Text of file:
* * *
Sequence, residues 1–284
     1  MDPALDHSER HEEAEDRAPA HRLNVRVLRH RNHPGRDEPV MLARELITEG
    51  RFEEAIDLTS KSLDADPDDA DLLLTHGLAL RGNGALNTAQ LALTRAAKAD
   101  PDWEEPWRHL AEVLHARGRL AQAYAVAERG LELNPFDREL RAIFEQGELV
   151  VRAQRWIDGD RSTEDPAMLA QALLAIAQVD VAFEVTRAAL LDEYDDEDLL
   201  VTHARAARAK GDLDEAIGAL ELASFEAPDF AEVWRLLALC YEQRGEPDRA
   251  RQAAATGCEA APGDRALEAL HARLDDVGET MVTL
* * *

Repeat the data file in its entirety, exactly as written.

Sequence, residues 1–284
     1  MDPALDHSER HEEAEDRAPA HRLNVRVLRH RNHPGRDEPV MLARELITEG
    51  RFEEAIDLTS KSLDADPDDA DLLLTHGLAL RGNGALNTAQ LALTRAAKAD
   101  PDWEEPWRHL AEVLHARGRL AQAYAVAERG LELNPFDREL RAIFEQGELV
   151  VRAQRWIDGD RSTEDPAMLA QALLAIAQVD VAFEVTRAAL LDEYDDEDLL
   201  VTHARAARAK GDLDEAIGAL ELASFEAPDF AEVWRLLALC YEQRGEPDRA
   251  RQAAATGCEA APGDRALEAL HARLDDVGET MVTL